- The Washington Times - Wednesday, March 22, 2017

The former systems administrator of a Pennsylvania health care facility was charged with criminal hacking Monday after prosecutors said he wreaked havoc using administrative credentials that went unchanged more than two years after he resigned.

An attorney for Brandon Coughlin, 29, pleaded not guilty on his behalf in Pittsburgh federal court Monday after the Justice Department unsealed a criminal indictment charging him with one count each of felony hacking and wire fraud.

Mr. Coughlin, the former computer technician of an unnamed health care facility, is accused of purging records from his old job’s databases and purchasing nearly $5,000 worth of iPads on the company’s dime after he was asked to resign from the gig in February 2013 following three weeks of employment.

Documents unsealed in federal court this week indicate Mr. Coughlin was hired Jan. 16, 2013, to work as the “in-house systems administrator” of the health care entity’s computer system, but resigned Feb. 4 upon the company’s request.

The administrative credentials necessary to gain access, modify settings and control the entirety of the health care entity’s computer system and its web-based email server were not immediately changed following Mr. Coughlin’s resignation, U.S. Attorney Soo C. Song wrote in the indictment. Indeed, prosecutors allege Mr. Coughlin maintained privileged access over the entity’s email system more than two years after his resignation, and illegally operated in its shadows well after his employment ended.

Mr. Coughlin’s alleged cybercrime streak started two days after his resignation, according to prosecutors. Investigators believe he created a new administrative account on Feb. 6 that gave him full, unauthorized control of the entity’s computer system, then used that authority to lock-out legitimate users while he began deleting business data and patient health information, including medical records.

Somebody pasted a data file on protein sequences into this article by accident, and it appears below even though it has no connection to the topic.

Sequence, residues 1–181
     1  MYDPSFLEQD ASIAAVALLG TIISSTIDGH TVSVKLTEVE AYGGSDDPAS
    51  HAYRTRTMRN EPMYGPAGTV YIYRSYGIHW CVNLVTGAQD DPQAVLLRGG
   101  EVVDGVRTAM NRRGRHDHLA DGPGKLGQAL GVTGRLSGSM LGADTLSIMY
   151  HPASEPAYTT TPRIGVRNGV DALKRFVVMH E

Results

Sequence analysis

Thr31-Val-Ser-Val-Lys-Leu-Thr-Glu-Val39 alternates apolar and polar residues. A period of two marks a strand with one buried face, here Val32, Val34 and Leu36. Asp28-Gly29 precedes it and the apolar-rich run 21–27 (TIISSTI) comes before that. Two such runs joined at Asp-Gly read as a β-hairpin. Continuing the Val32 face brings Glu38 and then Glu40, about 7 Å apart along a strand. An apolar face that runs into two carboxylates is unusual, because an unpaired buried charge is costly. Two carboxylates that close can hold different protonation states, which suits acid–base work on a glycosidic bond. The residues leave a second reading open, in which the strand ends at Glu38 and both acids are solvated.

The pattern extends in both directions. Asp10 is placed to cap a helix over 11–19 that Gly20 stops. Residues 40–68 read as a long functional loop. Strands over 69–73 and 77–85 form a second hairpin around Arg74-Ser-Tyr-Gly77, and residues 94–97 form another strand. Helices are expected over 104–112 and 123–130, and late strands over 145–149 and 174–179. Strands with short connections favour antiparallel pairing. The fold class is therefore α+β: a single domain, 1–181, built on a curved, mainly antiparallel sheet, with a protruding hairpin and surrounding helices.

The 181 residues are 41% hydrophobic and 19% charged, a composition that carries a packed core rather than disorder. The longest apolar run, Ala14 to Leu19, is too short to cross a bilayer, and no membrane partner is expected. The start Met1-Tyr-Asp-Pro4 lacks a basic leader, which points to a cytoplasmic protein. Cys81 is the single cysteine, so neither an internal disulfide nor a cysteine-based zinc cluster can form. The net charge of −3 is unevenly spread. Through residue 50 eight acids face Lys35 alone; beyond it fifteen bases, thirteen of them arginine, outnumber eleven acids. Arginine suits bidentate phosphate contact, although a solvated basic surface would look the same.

The activity caused at least $5,000 in damages and may have potentially interfered in the examination, diagnosis, treatment and care of individuals whose information was in the custody of the entity, according to prosecutors.

Additionally, authorities say Mr. Coughlin maintained access to the administrative portal of the health company’s email server for two years past the end of his employment, allowing him to access and read internal and external correspondence. Furthermore, prosecutors allege he implemented system-wide rules over the company email system, the likes of which allowed him to purchase six Apple iPads without being detected using his former employer’s account with Staples, the office retailer, according to the indictment.

Administrative credentials were for the health care facility’s email platform were not changed until mid-2015, according to the indictment, in utter defiance of widely-accepted security practices and common sense.

“If you don’t have a solid IT-disconnect policy for employee termination then you will eventually need a VERY strong [incident response] team & process,” tweeted Andrew Case, the research director at Volexity, a security firm in Washington, D.C.

Mr. Coughlin faces up to 30 years in prison and a $500,000 fine if convicted, the Justice Department said in a statement. He was arrested March 8, prior to the indictment unsealing, and was free on bond as of this week, according to court documents.

An attorney listed for Mr. Coughlin declined to comment.

• Andrew Blake can be reached at ablake@washingtontimes.com.

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